Inventor Thomas Edison's boyhood is chronicled and shows him as a lad whose early inventions and scientific experiments usually end up causing disastrous results. As a result, the towns ...
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Inventor Thomas Edison's boyhood is chronicled and shows him as a lad whose early inventions and scientific experiments usually end up causing disastrous results. As a result, the towns folk all think Tom is crazy, and creating a strained relationship between Tom and his father. Toms only solace is his understanding mother who believes he's headed to do great things.Written by
Daniel Bubbeo <firstname.lastname@example.org>
When young Tom jumps on the train to sell his maple candy, he tells the first customer the price is "a nickel". The scene takes place in the late 1850s. The first US nickel five cent coin wasn't issued until 1866. (At the time, the only 5¢ coin was a half-dime, a tiny silver coin but not called "a nickel".) See more »
After "The End" title page, a portrait of Tom Edison is displayed and, after some of the inventor's many accomplishments are noted, then the camera pans back to show Spencer Tracy admiring the painting while the narrator announces the forthcoming "Edison, The Man (1940)" biography (featuring Tracy in the title role). See more »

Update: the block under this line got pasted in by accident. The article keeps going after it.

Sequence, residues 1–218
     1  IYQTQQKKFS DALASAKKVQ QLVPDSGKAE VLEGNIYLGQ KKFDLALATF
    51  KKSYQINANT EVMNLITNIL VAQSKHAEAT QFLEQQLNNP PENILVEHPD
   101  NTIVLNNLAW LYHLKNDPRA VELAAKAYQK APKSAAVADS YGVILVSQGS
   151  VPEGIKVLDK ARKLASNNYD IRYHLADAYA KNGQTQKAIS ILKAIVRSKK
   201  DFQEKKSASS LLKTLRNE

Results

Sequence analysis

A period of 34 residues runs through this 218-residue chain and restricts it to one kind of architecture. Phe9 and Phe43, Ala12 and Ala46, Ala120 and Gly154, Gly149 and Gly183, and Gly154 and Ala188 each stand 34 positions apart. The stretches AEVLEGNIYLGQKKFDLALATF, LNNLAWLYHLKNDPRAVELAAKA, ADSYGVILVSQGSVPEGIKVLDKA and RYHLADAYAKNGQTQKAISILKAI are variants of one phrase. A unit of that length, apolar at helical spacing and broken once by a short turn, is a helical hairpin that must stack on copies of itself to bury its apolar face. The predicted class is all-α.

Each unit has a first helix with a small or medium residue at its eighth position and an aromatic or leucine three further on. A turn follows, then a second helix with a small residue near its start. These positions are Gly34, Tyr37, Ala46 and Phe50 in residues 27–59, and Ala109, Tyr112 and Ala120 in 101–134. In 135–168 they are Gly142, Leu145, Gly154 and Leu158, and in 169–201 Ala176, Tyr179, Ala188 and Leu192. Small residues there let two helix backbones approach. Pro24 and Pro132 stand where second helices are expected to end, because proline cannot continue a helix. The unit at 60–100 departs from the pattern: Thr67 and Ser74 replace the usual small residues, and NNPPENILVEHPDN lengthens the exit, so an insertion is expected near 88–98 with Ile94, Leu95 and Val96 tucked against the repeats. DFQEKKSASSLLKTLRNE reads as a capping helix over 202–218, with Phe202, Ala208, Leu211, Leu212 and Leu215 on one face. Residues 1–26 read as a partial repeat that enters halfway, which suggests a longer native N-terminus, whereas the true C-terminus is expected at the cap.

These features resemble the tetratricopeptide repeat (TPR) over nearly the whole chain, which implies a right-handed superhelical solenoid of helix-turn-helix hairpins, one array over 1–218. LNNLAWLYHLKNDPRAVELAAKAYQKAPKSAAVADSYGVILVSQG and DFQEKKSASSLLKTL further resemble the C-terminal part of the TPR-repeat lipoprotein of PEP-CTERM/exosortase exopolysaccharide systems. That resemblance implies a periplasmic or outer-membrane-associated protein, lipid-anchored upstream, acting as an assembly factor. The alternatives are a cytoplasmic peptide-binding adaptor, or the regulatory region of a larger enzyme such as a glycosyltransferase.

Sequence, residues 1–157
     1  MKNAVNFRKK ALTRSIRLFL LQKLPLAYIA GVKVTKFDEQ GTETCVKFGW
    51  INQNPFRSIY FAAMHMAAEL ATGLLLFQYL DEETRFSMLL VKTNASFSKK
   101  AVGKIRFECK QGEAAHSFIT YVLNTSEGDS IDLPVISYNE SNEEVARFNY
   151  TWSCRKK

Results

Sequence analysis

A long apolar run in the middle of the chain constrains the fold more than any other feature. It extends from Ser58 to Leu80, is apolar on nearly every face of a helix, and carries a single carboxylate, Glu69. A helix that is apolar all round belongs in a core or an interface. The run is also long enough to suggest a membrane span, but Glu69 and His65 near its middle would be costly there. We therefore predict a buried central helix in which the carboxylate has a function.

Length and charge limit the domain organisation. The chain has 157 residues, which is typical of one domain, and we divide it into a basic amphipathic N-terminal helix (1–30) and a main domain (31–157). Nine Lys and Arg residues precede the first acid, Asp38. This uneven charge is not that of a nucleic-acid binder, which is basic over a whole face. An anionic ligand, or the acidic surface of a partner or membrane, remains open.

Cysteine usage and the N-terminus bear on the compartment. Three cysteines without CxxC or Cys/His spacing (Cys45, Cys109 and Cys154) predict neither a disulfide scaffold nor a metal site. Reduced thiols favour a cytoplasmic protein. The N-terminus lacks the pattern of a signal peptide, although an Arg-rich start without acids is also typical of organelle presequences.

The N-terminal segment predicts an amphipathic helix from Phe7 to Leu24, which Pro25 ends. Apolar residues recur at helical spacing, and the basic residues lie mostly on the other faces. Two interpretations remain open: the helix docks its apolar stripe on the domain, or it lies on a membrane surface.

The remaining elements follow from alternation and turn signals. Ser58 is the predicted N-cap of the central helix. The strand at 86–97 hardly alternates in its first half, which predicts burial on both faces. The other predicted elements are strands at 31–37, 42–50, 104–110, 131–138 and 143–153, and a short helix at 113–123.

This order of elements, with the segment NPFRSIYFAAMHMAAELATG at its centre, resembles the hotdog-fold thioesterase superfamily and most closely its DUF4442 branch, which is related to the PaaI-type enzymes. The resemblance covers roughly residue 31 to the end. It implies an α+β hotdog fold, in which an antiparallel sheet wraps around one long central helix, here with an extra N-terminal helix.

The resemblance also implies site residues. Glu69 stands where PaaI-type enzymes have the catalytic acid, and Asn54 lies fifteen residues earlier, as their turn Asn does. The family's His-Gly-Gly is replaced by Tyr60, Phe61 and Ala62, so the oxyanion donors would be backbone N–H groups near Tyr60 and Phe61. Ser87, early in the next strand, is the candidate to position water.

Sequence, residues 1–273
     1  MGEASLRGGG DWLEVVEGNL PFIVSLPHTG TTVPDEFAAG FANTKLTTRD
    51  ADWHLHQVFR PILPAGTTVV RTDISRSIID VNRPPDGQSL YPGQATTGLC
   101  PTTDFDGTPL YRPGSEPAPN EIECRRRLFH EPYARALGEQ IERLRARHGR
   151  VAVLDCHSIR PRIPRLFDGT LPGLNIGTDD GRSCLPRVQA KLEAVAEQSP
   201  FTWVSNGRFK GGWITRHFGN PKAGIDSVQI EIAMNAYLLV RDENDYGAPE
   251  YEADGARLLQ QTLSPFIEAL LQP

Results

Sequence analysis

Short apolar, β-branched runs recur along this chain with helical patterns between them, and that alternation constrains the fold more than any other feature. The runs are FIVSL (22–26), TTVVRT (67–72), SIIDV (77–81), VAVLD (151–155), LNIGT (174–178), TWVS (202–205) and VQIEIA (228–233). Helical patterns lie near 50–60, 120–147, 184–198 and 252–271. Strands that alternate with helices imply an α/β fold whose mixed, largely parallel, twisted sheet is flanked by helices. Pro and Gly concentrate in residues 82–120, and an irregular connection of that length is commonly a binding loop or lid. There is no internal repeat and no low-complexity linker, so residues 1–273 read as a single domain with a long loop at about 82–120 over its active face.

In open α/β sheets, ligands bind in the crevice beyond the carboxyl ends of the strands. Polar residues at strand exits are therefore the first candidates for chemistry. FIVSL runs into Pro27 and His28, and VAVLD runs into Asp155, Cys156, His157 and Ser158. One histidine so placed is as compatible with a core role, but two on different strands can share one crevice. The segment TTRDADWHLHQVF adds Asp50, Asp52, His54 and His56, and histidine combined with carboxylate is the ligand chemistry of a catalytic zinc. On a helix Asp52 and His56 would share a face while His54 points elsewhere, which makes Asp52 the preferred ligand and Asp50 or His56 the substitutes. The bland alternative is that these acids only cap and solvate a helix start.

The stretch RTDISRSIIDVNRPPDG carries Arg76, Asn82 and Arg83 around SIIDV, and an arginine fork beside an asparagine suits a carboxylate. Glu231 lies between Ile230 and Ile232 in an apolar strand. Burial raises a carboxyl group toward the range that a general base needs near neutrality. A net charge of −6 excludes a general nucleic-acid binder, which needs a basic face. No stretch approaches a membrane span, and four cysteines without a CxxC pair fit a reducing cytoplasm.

This was always a favorite of mine when I would see it on television many years ago but I had forgotten how good a film it still is. I just saw it today on TCM and I have to say something about this under-appreciated gem. The cast is a terrific ensemble of filmdom's great character actors such as George Bancroft who appears in countless films, among them Stagecoach. He plays Tom's father with great heart and finally when he realizes who is son really is, they share a heartwarming thumping of the town's most obnoxious father, son pairing. Virginia Weidler is very good as Tom's sister. Another of Hollywood's most talented children, she appeared frequently with Mickey and Judy and also had a high profile role in The Philadelphia story.
Fay Bainter has one of her best roles ever as Tom's mother, easily worthy of an academy nod. While the story may not resemble reality, it communicates some very important human truths about family. This film is every bit as good as The Yearling and should be considered a must for family viewing.
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